I know I risk being extremely unpopular by saying this but...okay, here goes...
I am sick of Adele.
Yes, she is very talented. Yes, she has a great voice. Yes, she can sing her lungs off like no one's business. Yes, she is on every radio station all the time every day. Yes, her songs blast through the sound system at the mall, the grocery store, the local restaurant, every car at my daughters' school at pick-up and drop off. Yes, my children warble out her lyrics and will yell at me if I attempt to change the station. Yes, a car drove by my house just now and I can hear the all too familiar tune about setting fire to the rain. Yes, I'm having a hard time visualizing this on-fire rain. Yes, I know I shouldn't be so literal, but I keep seeing the rain dousing the flames instead of the other way around. Yes, I'm choking on all the smoke.
Yes, I get it. Adele has had her heart broken. She has loved and lost and is able to express her emotions through her lyrics. In all her songs. Every. Single. Song. Every note drips of excruciating pain.
Yes, most of us can relate to Adele—that's why her '21' album continues to break records all over the world. That's why its three singles, "Rolling in the Deep," "Someone Like You," and "Set Fire to the Rain," became worldwide-number one hits. That's why last year she sold 6.7 million albums in the U.S.—-more than Justin Bieber and Lady Gaga combined. That's why at the Grammy Awards last month, Adele won best album—her sixth award out of six nominations.
By now most people who listen to the radio or watch television or read magazines or have a pulse know the story. The wrenching lyrics were written shortly after a failed year-long romance. She has referred to her ex as "the love of my life." (And better to have loved and lost than to have never made millions at all). She told People magazine last year, "That was probably the lowest point of my life." Adding, "I locked myself in my house for nine months drinking four bottles of wine a night."
Before you tell me I'm a hater, I admit the problem is me. Basking in the pain of heartbreak is a luxury for the young (or celebrities like Demi Moore). For the rest of us, we feel pain but we can't bask in it. We don't know how to bask anymore. I can't even remember the last time I basked, but I'm sure it was before kids.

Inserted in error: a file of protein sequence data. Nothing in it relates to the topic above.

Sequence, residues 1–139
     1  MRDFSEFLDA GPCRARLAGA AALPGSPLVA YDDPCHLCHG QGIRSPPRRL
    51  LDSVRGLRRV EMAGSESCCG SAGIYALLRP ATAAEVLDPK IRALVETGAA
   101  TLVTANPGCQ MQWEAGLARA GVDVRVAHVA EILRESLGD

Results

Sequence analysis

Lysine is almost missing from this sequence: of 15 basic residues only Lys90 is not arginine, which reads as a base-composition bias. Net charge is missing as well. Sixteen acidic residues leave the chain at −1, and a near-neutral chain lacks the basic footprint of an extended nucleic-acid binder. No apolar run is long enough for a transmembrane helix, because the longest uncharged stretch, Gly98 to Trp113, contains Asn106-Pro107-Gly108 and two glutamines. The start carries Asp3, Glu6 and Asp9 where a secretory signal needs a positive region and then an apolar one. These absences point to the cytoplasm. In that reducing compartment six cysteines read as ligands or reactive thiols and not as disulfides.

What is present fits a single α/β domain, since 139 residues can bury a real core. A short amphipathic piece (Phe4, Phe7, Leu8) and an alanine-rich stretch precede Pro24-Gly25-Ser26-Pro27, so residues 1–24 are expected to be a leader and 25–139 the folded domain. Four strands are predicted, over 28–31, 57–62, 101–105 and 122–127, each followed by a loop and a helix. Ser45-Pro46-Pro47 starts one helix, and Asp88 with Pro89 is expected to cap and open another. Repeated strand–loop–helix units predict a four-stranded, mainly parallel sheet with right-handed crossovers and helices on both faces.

Instead, we non-baskers make dinner and check homework and worry about our children, our aging parents, our spouseless moms or dads, the economy, the bills. We don't lock ourselves in a house and drink four bottles of wine a night. And if we did, we'd have more troubles to sing about—we'd be dead or divorced or child protective services would take our kids or we'd be in jail or the moms in the carpool lane would shoot us very dirty looks when we'd swerve into the lot to pick up our kids, still buzzed and probably not fully clothed.
Maybe I'm alone in this, but I don't want to hear the sound of searing pain in someone's voice—especially someone I don't know. There's enough searing pain in life, I don't want to experience it vicariously—especially when I am in the car alone, looking to belt out some lyrics while I sing on a stage in front of an adoring audience that exists only in my head ("And now, the incomparable Irene Zutell will perform Bad Girls by Donna Summer").
Adele takes me off that stage and into a dimly lit pub where I swill pitchers of warm beer and then curl up in the fetal position and rock back and forth while sucking my thumb.
I don't want to go to that pub. I don't want to roll in the deep. I don't want to turn up out of the blue uninvited (although after four bottles of wine, it's very possible). Most of all, I don't want to find someone like you—because you're a jerk. I want someone who makes me laugh.
Adele has a new boyfriend. I hope she's happy and in love and her next album reflects those emotions. But until then, I'd dust off my Donna Summer CD and sing about Bad Girls yeah. See them out on the street at night. Walking.
Toot. Toot. Beep. Beep.